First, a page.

Referring again to the potentiometer, the mounting bracket 28 is stamped from sheet metal with a circular middle portion 280 which is centrally dome-shaped (28d) with a central aperture. From the central portion extend diametrically opposite arms 28d with right angle bends midway of their length. From the end of each arm 28a extends a finger 28fadapted to extend through the printed circuit plate 40 and capable of being bent over to hold the potentiometer on the printed circuit plate. A soldered connection (not shown) on the printed circuit board connects the one finger 28a to the rivet 35 oflug 33 and, hence, to the metal plate 30.
Mounted fixedly on mounting bracket 28 is an insulating support member 24 stamped from sheet insulation in the shape shown in FIG. 6 with a circular central apertured portion 240 and a tangential portion 24!. At diametrically opposite points of the central portion 14c are small recesses 24r adapted to receive miniature lugs 28 which are integral with the mounting bracket 28, being struck up perpendicularly out of the arms 28a in a direction opposite to the fingers 28f. The insulating support member 24 is, thus, fixedly related to the mounting bracket 28.
Mounted flat upon the insulating support plate 24 is a C-shaped ring 26 of flat resistance material, such as carbon or other suitable resistance material. The ends of the resistance element 26 extend outwardly and are secured to tangential portion 24: of the support member by small sheet metal terminal pieces 24a and 24b. The piece 24a merely holds one end of the resistance ring in place while 24b holds the other end in place and has a finger 24f extending through the printed circuit plate and soldered to a lead from the fixed resistor R.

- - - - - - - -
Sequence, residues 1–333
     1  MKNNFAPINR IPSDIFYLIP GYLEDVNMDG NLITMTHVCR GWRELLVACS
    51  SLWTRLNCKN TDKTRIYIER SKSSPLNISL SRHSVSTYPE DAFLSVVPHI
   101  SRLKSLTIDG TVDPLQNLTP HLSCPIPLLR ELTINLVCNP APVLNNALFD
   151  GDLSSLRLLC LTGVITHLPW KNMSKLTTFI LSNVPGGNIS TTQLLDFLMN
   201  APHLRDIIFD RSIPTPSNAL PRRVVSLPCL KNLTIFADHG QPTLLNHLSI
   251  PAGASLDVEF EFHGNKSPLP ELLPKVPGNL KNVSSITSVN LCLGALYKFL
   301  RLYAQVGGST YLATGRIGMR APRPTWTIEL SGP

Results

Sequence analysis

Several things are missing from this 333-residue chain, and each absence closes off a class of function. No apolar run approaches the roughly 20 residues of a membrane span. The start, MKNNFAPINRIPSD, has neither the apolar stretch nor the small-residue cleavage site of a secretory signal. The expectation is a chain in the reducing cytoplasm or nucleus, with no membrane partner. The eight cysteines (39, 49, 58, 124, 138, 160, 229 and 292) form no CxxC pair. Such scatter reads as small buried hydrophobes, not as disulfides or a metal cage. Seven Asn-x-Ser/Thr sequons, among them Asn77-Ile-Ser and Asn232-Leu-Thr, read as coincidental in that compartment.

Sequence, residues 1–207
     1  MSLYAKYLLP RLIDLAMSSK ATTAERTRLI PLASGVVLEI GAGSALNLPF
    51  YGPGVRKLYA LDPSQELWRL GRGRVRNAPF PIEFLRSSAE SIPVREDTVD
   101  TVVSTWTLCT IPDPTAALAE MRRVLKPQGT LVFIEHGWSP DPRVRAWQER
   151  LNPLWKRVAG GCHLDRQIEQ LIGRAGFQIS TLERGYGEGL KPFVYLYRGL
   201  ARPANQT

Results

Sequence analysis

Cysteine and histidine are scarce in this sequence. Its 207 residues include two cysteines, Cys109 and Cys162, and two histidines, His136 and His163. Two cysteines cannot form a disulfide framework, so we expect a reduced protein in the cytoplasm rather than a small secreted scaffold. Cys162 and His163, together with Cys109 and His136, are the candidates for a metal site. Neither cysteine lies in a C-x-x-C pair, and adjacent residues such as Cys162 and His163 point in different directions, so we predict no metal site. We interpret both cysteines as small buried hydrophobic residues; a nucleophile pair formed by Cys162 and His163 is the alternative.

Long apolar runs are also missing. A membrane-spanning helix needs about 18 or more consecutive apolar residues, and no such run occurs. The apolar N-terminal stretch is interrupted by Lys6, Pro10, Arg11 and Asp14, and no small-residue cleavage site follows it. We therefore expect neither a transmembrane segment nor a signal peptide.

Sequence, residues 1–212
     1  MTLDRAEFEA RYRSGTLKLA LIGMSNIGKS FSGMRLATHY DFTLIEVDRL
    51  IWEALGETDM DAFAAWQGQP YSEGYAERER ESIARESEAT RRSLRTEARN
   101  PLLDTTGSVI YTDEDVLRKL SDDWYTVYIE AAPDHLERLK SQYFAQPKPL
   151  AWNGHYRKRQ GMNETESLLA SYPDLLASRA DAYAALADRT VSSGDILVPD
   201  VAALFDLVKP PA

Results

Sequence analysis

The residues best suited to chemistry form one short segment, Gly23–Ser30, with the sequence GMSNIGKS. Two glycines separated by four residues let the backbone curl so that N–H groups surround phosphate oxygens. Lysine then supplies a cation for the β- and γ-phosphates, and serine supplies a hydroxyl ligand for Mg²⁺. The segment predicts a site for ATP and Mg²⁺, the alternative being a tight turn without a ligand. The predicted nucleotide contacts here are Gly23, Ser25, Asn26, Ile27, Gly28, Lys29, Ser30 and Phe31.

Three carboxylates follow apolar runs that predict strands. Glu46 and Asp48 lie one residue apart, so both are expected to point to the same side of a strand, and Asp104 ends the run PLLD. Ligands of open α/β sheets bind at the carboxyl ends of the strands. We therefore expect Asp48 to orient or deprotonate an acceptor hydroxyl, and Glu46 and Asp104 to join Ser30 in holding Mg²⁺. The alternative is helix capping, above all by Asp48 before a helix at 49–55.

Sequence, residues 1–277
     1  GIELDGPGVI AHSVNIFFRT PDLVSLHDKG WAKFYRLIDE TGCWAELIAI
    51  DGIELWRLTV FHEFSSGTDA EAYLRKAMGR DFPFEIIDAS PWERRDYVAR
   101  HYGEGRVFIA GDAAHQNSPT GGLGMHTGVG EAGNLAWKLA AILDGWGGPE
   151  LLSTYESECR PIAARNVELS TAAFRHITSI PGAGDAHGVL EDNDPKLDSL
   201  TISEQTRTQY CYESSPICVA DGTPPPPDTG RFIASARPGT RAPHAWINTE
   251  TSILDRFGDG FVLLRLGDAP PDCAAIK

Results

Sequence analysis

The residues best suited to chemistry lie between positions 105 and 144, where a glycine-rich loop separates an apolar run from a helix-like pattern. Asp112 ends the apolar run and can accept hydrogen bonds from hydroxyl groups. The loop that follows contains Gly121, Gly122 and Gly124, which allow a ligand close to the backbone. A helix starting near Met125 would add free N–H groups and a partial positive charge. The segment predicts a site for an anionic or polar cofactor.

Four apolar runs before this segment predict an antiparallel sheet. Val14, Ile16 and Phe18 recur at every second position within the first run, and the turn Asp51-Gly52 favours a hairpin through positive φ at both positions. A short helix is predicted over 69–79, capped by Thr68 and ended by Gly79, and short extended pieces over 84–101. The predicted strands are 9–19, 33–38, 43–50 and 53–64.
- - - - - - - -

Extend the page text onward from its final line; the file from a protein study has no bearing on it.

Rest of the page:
Wiping over the surface of the resistance ring 26 is the apex of the V-shaped contacting portion 220 of the centrally apertured rotary contact 22. This contact is stamped from thin resilient sheet metal into the shape shown in FIG. 6 with the V-shaped portion and two diametrically oppositely extending radial wings 28w. Opposite the V-shaped portion is a circular portion of the same radius as the center of the dome-shaped portion 28d of the mounting bracket 28. When the mounting bracket and insulating support member 24 are assembled together, the dome-shaped central portion 28d extends through the aperture in the insulating support member and the circular portion of the rotary contact rides on the top of the dome 28d, while the V-portion 22c rides on and wipes over the resistance element 26.
Holding the contact 22 rotatably in engagement with the insulating support member 24 and the dome of the mounting bracket 28 is the disc member 21. The disc member 21 is formed of nylon with a stop lug 21' extending from its periphery perpendicular to the plane of the disc. The lug 21c is adapted to engage one end or the other of the tangential portion 24r of the insulating support member 24 as the contact 22 is rotated between its extreme positions.